Building A Viral Business Isn't About Alchemy

from the an-insult-to-hard-work dept

Adam Penenberg is a fantastic tech journalist whose work I’ve admired for many years. However, I simply can’t figure out what made him write a huge fluff piece in Fast Company magazine that makes a number of stunningly bad claims. Mostly, the article is a love note to Marc Andreessen’s Ning social network in-a-box startup that has had its ups and downs but has been able to raise a lot of money. You get the feeling that Penenberg is trying to pick up on a “trend” that can be flipped into a trendy business book. In this case, the trend is: “viral expansion loop,” which Penenberg makes out to be a secretive “magic sauce” known only in Silicon Valley that will turn your startup into a huge success with investors shoving each other aside to throw money at you.

This is wrong for so many reasons, it’s hard to know where to start. Rafat Ali at PaidContent goes through the piece bit by bit to trash it, while Owen Thomas at Valleywag dissects what Pennenberg got wrong about Ning. But much more important is the overall message that Pennenberg’s article sends: that all you need to know is this “secret formula” and you’ll build yourself “a billion dollar business.”

The thing is, there’s no secret — and so far, there’s been no billion dollar business based on these concepts. “Viral expansion loops” may be a new term, but it’s just a repackaging of “the network effect,” which has been widely known and discussed for ages. There have already been multiple books on it, so, if Penenberg thinks this is a book, he’s late to the game. But, personally, what’s even more dangerous to unwitting entrepreneurs is this thought that if you can create a product where each user gets new people to join, you’re an automatic success that will grow forever. Penenberg promises that using such a system “almost guarantees a self-replicating, borglike growth” and that “you can build a billion-dollar business from scratch.” Yet, he gives no actual proof to support either statement.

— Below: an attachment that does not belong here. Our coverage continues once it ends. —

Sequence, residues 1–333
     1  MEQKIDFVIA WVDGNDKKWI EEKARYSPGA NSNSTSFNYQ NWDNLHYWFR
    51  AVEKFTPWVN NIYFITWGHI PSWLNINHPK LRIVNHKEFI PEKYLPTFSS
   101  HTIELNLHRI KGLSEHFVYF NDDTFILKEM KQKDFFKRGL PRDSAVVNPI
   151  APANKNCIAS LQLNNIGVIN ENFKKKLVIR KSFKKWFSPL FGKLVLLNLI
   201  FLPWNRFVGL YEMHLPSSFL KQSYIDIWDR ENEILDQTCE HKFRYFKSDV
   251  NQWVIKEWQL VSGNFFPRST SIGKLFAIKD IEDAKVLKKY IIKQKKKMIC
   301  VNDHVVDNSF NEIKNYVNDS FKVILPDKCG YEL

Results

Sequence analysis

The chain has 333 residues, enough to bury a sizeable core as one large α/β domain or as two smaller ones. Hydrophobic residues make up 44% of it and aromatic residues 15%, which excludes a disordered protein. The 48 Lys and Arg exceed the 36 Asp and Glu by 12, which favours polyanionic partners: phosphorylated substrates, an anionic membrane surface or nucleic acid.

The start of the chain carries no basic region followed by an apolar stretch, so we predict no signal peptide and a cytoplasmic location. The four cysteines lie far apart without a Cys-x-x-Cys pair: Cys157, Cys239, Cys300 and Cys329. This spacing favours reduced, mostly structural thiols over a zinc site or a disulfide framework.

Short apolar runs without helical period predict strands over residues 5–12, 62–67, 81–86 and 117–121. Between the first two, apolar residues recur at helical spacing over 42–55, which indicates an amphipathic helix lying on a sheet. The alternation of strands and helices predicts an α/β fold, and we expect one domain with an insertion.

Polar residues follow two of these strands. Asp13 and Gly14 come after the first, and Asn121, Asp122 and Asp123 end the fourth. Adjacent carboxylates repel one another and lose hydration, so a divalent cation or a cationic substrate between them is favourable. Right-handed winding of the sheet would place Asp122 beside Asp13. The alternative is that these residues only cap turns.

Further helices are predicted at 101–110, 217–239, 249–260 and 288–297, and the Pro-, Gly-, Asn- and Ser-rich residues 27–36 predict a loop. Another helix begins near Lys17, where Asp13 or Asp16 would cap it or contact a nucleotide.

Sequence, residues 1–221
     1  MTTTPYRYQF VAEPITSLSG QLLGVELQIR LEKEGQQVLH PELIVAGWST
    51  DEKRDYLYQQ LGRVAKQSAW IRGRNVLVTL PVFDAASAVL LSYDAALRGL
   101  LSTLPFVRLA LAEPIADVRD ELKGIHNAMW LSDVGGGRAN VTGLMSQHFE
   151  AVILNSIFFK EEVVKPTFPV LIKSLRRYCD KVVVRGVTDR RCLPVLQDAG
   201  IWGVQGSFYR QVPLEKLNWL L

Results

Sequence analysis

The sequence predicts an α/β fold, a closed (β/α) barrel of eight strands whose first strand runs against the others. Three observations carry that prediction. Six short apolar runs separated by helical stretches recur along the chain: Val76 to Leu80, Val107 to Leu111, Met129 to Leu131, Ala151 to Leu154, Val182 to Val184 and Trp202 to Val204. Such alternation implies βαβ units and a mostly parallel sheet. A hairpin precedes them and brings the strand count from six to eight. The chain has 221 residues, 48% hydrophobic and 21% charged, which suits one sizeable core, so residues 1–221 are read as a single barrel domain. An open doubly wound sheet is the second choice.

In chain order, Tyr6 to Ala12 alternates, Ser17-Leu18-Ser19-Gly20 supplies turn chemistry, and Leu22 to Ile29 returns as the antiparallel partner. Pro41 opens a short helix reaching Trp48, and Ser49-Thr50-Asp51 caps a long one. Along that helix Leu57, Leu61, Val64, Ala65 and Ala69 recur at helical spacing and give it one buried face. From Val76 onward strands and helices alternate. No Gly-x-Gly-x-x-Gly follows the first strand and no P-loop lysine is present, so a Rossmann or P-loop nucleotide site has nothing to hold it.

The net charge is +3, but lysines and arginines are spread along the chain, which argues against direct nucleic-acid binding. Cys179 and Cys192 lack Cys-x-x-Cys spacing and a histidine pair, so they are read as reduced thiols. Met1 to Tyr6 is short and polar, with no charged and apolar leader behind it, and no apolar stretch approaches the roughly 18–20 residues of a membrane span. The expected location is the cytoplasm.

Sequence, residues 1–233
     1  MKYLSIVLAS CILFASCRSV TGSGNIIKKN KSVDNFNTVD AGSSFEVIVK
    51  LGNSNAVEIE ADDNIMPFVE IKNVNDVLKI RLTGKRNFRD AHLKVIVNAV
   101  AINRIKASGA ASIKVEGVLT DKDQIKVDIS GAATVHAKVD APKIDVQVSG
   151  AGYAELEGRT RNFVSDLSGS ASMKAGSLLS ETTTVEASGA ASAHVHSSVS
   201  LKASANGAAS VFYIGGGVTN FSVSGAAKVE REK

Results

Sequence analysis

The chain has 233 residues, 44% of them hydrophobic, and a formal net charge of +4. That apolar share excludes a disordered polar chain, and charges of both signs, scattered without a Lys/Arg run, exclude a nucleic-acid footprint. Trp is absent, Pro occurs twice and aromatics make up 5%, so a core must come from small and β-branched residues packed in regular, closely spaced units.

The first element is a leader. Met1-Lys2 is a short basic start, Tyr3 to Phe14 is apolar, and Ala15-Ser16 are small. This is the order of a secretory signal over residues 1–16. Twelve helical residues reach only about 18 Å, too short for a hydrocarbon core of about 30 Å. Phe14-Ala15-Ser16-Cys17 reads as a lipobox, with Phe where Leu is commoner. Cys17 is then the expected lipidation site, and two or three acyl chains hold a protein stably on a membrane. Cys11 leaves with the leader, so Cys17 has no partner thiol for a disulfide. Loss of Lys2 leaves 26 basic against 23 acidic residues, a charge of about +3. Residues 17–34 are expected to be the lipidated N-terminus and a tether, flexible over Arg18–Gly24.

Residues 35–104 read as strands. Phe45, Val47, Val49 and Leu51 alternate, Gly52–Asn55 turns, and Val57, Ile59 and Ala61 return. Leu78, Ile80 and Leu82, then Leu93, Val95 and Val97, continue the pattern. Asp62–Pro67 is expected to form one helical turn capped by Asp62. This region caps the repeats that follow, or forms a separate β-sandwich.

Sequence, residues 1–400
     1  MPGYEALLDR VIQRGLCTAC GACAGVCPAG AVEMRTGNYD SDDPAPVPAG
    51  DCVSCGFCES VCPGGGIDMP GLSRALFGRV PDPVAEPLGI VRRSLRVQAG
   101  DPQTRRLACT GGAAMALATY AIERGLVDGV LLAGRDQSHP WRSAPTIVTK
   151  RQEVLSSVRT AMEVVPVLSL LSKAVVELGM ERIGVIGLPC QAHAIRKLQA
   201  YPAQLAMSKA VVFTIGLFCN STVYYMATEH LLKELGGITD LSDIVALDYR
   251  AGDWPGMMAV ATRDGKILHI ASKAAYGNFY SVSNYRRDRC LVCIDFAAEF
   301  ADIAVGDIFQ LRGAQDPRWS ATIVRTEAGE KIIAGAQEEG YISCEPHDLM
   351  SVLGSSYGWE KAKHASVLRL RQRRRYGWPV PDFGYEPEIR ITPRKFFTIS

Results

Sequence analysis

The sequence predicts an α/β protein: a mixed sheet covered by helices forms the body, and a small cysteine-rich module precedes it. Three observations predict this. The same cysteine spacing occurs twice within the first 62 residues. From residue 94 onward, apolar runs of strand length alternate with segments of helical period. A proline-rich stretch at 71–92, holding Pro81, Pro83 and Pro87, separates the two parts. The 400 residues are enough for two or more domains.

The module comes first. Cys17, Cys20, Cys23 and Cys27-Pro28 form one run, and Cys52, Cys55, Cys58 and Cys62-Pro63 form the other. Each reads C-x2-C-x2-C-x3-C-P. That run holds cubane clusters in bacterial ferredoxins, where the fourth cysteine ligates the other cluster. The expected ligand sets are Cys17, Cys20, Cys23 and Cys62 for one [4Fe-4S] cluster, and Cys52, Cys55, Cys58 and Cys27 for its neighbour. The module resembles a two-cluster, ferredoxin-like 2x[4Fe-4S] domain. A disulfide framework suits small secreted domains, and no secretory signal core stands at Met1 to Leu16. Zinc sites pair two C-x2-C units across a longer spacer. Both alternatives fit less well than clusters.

Sure, there are companies that have grown virally — but that’s nothing new at all. And, if you look at the most successful “viral” growth stories, almost all of them kicked off with well-known, well-connected or well-funded founders. Thay’ve had a lot less to do with some “engineering alchemy” (as Penenberg claims) than with a group of folks who seeded the process and got it running. I’ve seen tons of “viral” apps out there that went nowhere. And it wasn’t because they lacked that “engineering alchemy” or a “viral expansion loop.” It was because building a business is difficult and takes a lot of effort, and not everyone succeeds at it. Penenberg’s article is the worst kind of business fluff article: not only is it wrong, but it will get people to think that it’s easy to do something that’s actually very, very difficult.

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Companies: ning

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Comments on “Building A Viral Business Isn't About Alchemy”

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Jon L (user link) says:

hot or not

This is so true (Mike & Rajit’s positions) – everyone just assumes that if you send a chain letter (invite someone to whatever you’re doing) that you’re going to just magically grow exponentially.